Last year in Cannes, I gave a talk titled, "Confession: I Love Advertising." The speaker following me started his speech with the title, "How to Stop Advertising and Save Our Industry."
Over the past decade, the advertising industry has somehow managed to demonize the very word that defines what we make.
But is the industry really changing, or are we just changing the words? Branded content. Isn’t that what advertising is—a piece of content that features a brand?
Recently, I read an article that declared, it’s time to take the brand out of branded content. So if we are all going into the content business, who is going to take care of the brands?
Two years ago when discussing branded content on a jury, one person said, "I’ve got it! If we like the work, it’s branded content. If it sucks, it’s advertising." This person was not in the business of advertising. He was a novelist.
In a world that is asking for things to be shorter – six seconds, 140 characters, an emoji – we seem to be going in the opposite direction.
And a month ago, I was in New Orleans at the Collision Conference. A colleague of mine, Winston Binch, said, and I paraphrase, "Susan, it’s fascinating. When I tell people I’m in advertising, they aren’t interested. They don’t think they are ready for an advertising agency, too expensive. But, if I tell them I’m in branding and marketing, they ask for my card."
I’ve always been proud to be in Advertising with a capital A. When I was growing up, I loved ads. And in turn, I loved brands. In my first job at BBDO, I learned we could make things more famous, more beloved than the content we paid to sit alongside.
We were the masters of short-form communication. And, yet, in a world that is asking for things to be shorter—six seconds, 140 characters, an emoji—we seem to be going in the opposite direction. Our films are getting longer. Instead of a crafted one-second image that we used to call print, we want to create blogs and interactive posts. Anything that doesn’t look like an ad.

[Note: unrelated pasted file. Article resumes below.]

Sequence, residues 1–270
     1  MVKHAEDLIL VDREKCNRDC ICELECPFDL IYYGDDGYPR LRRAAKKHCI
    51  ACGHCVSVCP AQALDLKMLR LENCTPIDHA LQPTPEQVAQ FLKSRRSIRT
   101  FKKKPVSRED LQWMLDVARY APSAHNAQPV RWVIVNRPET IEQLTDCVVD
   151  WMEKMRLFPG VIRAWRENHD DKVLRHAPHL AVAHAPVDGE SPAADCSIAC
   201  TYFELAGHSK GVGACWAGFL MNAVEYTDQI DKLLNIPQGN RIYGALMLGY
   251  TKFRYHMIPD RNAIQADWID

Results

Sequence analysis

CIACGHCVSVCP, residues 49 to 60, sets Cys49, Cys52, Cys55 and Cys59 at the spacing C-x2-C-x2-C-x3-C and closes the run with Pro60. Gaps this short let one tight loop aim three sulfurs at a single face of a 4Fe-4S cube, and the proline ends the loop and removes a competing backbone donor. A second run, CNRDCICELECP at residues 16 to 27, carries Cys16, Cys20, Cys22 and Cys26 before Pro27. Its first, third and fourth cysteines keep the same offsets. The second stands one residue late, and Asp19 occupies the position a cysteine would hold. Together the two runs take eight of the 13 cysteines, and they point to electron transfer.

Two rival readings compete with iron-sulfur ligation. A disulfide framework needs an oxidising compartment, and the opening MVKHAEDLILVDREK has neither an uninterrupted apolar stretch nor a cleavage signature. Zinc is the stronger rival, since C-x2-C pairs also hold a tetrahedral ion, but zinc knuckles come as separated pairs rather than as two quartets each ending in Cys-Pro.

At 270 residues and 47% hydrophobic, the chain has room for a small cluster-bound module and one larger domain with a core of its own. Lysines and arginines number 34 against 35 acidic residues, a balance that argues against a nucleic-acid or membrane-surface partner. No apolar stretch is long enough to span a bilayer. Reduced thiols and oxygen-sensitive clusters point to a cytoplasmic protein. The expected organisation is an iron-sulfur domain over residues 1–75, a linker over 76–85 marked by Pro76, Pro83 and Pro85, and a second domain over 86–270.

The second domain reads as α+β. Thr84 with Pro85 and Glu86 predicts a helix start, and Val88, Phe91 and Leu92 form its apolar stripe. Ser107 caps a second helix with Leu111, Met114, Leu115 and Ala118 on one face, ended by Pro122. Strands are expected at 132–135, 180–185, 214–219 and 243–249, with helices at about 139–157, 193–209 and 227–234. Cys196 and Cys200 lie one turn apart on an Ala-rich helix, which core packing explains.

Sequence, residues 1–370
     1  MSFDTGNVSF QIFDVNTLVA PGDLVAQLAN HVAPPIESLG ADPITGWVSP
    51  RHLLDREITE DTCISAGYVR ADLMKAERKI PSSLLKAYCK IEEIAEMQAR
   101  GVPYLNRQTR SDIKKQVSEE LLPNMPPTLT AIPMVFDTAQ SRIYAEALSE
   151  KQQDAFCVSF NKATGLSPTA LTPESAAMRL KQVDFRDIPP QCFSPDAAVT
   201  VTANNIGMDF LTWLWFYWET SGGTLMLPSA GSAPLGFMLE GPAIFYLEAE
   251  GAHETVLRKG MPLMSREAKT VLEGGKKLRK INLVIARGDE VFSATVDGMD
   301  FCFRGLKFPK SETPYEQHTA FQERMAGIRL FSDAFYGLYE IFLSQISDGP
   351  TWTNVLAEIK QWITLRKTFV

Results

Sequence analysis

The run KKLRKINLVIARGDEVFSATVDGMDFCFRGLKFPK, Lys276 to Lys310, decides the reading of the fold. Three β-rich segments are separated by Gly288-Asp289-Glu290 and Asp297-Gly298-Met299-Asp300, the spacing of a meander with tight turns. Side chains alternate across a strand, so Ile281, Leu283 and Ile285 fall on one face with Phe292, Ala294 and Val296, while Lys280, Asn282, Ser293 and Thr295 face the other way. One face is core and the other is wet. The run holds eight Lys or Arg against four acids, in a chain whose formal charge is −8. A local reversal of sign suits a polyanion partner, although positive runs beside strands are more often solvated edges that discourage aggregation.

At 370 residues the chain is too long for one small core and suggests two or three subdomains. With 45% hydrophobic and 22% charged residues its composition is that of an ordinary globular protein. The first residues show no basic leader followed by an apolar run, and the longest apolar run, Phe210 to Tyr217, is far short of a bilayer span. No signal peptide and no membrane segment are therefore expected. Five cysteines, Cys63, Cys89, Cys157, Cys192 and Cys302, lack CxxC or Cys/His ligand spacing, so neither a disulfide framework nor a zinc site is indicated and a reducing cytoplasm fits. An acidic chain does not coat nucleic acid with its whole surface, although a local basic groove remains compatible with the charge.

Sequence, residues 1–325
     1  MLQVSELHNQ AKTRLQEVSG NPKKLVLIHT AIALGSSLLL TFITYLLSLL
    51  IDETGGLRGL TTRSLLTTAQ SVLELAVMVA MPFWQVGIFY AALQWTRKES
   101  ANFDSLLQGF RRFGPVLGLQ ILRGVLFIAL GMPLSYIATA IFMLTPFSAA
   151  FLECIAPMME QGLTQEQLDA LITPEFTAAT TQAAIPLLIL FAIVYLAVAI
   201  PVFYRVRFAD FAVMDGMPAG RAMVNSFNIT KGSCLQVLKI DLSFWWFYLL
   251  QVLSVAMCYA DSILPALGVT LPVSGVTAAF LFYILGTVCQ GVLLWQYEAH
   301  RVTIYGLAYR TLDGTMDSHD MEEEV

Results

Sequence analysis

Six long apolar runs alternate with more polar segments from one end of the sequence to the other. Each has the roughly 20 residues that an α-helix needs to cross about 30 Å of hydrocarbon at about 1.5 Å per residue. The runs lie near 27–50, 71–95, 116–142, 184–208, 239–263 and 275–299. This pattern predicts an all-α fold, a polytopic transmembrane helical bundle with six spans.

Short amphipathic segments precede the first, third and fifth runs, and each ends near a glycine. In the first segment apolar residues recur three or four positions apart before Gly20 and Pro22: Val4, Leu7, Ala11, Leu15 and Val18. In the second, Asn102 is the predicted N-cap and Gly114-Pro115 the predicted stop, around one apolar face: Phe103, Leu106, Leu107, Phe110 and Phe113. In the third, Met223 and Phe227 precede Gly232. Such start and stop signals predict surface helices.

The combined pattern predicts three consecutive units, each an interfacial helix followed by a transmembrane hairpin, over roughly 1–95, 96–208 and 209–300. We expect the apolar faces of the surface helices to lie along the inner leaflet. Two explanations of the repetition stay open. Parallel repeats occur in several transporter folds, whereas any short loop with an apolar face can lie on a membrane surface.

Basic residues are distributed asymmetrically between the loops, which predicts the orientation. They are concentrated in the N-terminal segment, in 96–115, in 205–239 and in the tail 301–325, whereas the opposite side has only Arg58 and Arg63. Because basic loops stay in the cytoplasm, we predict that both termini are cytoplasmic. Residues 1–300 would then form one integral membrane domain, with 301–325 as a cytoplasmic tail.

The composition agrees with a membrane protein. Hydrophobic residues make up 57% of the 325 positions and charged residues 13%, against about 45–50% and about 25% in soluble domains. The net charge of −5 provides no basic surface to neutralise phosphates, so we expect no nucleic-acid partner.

Long before we coined the phrase "branded content," Howard Luck Gossage said, "People read what interests them. Sometimes it’s an ad."
In the general sense of the word, I never thought advertising meant traditional ads. Yes, it includes those powerful media. But for me, advertising was anything that was done in service of a product or business. And the result of great advertising was an emotionally strong brand and a financially strong business.
So perhaps it’s better to separate the business of advertising and ads. Ads are a part of what we do in advertising. But Advertising with a capital A is about solving problems and creating opportunities that lead to a healthier economy.
Sometimes, it’s an ad. Sometimes, it’s a new product. Sometimes, it’s intellectual property. Sometimes, it’s a partnership. Sometimes, it’s an event. Some time in the future, it will be something else.
But every time, when it’s on strategy and in service to a client’s business, it’s Advertising.
If you believe that, too, let’s focus on our real problem, which is not that we work in advertising. It’s that we’ve allowed the word to be co-opted and connected to the intrusive, the disrespectful and the disinteresting.
Let’s take back advertising and define it for what it really is—one of the best economic-drivers, problem-solvers, dream-makers in the world.
Susan Credle is the global chief creative officer at FCB Global.